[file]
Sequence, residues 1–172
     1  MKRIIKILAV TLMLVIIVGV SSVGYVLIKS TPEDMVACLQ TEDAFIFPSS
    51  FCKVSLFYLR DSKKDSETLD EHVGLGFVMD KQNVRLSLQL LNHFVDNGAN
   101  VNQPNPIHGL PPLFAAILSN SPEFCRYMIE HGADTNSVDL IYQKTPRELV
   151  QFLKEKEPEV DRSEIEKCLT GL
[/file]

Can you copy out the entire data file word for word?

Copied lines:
Sequence, residues 1–172
     1  MKRIIKILAV TLMLVIIVGV SSVGYVLIKS TPEDMVACLQ TEDAFIFPSS
    51  FCKVSLFYLR DSKKDSETLD EHVGLGFVMD KQNVRLSLQL LNHFVDNGAN
   101  VNQPNPIHGL PPLFAAILSN SPEFCRYMIE HGADTNSVDL IYQKTPRELV
   151  QFLKEKEPEV DRSEIEKCLT GL